Holy Cow! or Should I Say Holy Chicken??

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The day before New Year’s Eve I “made” my husband watch Julie & Julia with me (which he LOVED) and it inspired me to conquer my fear of roasting a whole chicken.  You read it correctly, I am not talking about a lovely/pretty chicken breast or  thigh.  I am speaking of the WHOLE darned thing.  The scary, slimy, headless bird that, even though it doesn’t have eyes, stares me down every time I walk past the meat counter.  I have avoided this as long as I possibly could.  I refused to cook whole turkey’s at Thanksgiving and I make my husband cook whole chickens on the pig pit outside because that seems appropriate when it comes to cooking a giant bird.

Like I said before I AM CURED!!  With one day left before the new year I decided to roast my first ever chicken on New Year’s Eve.   I have had an Ina Garten rotisserie chicken recipe (found at Food Network) printed out for months, but like I said I was a wuss.  After speaking with the very nice meat man at Whole Foods, my manicurist, and my wildlife loving husband about my chicken phobia they all nicely reassured me that I could do it.  The vegetables were beautiful and the entire dish looked amazing.  I only had one mishap which was turning off the oven when I set the timer…. so after an hour I realized that I still had a completely raw chicken in my oven, but an hour after that it was cooked to perfection.  I will have a picture later, but I swear by this HEALTHY and BEAUTIFUL meal.  If I can be converted anyone can be.  This meal was extremely simple and elegant.  Your house will smell amazing and your guests will be overly impressed.  I now plan on making this a weekly staple and I hope all of you give it a try. (Click here for the video)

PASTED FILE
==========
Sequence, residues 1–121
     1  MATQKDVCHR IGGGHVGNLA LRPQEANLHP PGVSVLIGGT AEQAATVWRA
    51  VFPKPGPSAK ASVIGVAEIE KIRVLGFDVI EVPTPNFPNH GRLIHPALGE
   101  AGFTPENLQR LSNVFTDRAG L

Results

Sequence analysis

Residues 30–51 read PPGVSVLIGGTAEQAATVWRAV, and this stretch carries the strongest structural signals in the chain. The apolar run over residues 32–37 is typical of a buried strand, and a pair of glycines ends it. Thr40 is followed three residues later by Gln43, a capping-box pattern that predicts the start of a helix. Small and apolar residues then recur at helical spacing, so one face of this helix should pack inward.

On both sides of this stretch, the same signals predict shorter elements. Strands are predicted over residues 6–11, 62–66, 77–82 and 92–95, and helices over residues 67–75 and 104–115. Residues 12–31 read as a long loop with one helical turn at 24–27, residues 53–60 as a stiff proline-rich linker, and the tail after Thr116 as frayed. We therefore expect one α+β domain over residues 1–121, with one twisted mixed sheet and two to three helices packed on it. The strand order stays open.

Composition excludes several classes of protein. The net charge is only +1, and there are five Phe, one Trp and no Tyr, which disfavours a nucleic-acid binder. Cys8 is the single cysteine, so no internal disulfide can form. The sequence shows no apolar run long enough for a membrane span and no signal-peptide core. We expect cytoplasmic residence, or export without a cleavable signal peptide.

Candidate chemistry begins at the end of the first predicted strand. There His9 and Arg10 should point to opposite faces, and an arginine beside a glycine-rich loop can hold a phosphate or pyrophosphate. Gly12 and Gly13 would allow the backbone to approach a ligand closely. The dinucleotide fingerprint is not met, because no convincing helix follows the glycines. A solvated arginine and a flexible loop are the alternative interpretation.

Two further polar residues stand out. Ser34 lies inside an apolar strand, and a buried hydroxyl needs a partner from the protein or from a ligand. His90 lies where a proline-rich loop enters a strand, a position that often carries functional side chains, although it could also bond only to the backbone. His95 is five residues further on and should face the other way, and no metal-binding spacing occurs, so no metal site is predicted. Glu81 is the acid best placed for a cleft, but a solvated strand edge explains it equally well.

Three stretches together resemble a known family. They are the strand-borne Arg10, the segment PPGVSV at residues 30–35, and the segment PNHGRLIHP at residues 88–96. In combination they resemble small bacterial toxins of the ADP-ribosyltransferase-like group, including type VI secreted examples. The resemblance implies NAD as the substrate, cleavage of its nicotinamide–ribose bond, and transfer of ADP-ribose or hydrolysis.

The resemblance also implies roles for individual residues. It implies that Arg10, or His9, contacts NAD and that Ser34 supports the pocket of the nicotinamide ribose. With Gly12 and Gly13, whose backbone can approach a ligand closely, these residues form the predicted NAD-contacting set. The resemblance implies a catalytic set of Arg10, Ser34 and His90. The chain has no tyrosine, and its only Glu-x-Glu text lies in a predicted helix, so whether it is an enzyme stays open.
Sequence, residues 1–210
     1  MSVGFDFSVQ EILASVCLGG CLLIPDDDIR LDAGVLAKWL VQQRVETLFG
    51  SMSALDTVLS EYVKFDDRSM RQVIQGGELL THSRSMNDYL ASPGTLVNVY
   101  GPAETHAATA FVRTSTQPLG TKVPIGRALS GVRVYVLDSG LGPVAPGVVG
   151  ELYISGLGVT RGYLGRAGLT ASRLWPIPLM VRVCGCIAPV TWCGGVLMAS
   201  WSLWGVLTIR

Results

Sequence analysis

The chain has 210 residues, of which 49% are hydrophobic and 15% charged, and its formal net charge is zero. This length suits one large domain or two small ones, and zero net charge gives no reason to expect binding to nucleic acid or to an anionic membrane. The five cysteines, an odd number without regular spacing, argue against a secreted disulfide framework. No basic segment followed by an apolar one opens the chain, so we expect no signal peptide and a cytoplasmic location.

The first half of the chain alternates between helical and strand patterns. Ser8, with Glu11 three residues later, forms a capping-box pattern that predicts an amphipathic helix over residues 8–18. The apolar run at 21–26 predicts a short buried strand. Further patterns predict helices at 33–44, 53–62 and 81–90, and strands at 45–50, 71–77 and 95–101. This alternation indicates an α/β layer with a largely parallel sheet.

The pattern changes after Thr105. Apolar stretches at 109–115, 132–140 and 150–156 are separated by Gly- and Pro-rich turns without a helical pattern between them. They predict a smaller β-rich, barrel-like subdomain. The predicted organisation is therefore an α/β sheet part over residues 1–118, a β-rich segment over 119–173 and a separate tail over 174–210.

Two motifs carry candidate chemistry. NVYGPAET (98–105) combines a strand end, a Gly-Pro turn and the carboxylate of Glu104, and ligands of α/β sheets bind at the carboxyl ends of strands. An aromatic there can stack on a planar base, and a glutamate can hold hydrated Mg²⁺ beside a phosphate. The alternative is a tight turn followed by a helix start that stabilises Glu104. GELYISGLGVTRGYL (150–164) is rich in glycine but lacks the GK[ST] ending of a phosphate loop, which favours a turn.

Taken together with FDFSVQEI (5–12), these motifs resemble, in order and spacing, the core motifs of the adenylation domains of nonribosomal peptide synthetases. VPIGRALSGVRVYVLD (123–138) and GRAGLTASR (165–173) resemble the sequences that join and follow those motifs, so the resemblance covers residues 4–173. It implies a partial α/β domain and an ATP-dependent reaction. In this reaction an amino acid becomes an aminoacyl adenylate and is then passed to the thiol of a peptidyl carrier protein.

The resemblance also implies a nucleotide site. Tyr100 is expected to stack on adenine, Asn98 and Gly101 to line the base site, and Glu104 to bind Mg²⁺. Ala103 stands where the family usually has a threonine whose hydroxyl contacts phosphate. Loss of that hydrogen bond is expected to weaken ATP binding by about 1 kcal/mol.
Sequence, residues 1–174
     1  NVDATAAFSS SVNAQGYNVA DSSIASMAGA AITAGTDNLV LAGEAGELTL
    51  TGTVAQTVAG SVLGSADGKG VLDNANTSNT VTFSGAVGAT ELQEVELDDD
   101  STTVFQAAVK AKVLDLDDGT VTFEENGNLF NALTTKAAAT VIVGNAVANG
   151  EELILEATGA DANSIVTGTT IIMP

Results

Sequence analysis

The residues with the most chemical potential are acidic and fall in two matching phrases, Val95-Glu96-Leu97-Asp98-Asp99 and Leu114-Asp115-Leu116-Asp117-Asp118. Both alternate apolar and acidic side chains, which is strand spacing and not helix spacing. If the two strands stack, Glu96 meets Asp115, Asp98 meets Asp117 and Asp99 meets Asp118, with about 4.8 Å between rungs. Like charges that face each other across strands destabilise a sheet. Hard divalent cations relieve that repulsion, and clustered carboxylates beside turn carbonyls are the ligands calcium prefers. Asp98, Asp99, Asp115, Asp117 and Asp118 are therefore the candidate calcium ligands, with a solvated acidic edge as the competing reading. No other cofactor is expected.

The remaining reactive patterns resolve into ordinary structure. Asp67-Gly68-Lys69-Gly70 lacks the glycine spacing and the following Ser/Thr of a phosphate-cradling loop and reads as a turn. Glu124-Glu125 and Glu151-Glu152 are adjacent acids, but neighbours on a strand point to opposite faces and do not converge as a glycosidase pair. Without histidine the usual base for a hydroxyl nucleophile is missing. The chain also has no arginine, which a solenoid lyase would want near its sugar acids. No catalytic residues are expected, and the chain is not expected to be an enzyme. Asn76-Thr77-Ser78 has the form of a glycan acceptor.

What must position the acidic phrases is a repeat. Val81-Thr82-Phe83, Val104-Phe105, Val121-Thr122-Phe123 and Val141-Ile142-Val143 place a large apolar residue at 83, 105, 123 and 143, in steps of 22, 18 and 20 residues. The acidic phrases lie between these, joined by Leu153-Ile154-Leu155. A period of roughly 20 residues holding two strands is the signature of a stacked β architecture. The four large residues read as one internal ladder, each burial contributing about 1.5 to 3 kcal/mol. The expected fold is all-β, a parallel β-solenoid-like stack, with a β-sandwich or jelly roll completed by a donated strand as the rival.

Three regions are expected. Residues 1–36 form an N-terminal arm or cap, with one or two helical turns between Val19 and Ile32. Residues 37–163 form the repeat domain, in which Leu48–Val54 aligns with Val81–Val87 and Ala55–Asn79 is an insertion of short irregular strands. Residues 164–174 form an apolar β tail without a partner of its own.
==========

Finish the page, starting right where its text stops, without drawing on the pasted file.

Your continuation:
Perfect Roast Chicken

  • 1 (5 to 6 pound) roasting chicken
  • Kosher salt
  • Freshly ground black pepper
  • 1 large bunch fresh thyme, plus 20 sprigs
  • 1 lemon, halved
  • 1 head garlic, cut in half crosswise
  • 2 tablespoons (1/4 stick) butter, melted
  • 1 large yellow onion, thickly sliced
  • 4 carrots cut into 2-inch chunks
  • 1 bulb of fennel, tops removed, and cut into wedges (I substituted a 1 lb bag of colorful baby potatoes (red, purple, and gold.  The potatoes are cheaper than fennel and add great color to the dish)
  • Olive oil
  • Twine (Kitchen String)
  • Meat Thermometer (Worth buying!!)

 

Preparation:

Preheat the oven to 425 degrees F.

 

Remove the chicken giblets. Rinse the chicken inside and out. Remove any excess fat and leftover pin feathers and pat the outside dry. Liberally salt and pepper the inside of the chicken. Stuff the cavity with the bunch of thyme, both halves of lemon, and all the garlic. Brush the outside of the chicken with the butter and sprinkle again with salt and pepper. Tie the legs together with kitchen string and tuck the wing tips under the body of the chicken. Place the onions, carrots, and fennel in a roasting pan. Toss with salt, pepper, 20 sprigs of thyme, and olive oil. Spread around the bottom of the roasting pan and place the chicken on top.

Roast the chicken for 1 1/2 hours, or until the juices run clear when you cut between a leg and thigh. Remove the chicken and vegetables to a platter and cover with aluminum foil for about 20 minutes. Slice the chicken onto a platter and serve it with the vegetables.

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